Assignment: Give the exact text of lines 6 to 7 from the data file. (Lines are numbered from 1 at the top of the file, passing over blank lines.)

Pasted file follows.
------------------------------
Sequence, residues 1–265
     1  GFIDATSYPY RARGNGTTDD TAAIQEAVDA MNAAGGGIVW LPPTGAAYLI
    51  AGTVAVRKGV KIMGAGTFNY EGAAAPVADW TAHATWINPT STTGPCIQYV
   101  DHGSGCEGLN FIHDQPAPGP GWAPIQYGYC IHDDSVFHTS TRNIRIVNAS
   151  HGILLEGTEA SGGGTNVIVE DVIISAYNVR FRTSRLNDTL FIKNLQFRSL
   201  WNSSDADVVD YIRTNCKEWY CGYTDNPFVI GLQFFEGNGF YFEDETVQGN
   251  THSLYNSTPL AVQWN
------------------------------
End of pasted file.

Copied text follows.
   201  WNSSDADVVD YIRTNCKEWY CGYTDNPFVI GLQFFEGNGF YFEDETVQGN
   251  THSLYNSTPL AVQWN